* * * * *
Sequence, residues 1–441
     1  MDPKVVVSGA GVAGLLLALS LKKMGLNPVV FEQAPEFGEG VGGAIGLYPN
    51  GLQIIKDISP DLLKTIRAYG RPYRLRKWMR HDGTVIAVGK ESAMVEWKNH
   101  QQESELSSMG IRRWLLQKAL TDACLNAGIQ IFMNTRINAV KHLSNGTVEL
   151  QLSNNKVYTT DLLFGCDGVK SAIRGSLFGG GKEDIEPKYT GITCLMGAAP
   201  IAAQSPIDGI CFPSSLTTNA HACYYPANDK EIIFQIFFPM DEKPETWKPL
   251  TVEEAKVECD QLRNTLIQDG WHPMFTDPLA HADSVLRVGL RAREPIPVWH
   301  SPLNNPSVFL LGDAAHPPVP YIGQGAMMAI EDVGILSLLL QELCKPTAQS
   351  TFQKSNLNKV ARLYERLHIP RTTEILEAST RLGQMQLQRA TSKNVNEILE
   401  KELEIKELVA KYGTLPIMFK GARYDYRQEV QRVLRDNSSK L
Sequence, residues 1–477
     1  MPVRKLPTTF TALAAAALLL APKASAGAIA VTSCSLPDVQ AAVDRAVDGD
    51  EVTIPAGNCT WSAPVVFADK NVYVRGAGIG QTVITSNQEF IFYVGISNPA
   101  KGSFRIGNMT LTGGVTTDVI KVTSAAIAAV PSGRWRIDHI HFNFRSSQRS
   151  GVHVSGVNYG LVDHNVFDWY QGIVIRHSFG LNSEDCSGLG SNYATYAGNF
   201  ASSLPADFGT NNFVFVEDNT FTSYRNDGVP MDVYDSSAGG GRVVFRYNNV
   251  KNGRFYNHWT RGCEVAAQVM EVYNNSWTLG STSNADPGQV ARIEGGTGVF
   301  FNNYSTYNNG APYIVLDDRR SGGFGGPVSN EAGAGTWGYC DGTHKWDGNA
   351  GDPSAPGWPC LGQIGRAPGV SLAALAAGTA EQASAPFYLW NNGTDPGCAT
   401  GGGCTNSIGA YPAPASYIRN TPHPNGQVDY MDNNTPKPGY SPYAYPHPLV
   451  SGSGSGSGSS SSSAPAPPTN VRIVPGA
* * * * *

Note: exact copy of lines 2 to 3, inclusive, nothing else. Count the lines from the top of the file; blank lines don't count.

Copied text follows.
     1  MDPKVVVSGA GVAGLLLALS LKKMGLNPVV FEQAPEFGEG VGGAIGLYPN
    51  GLQIIKDISP DLLKTIRAYG RPYRLRKWMR HDGTVIAVGK ESAMVEWKNH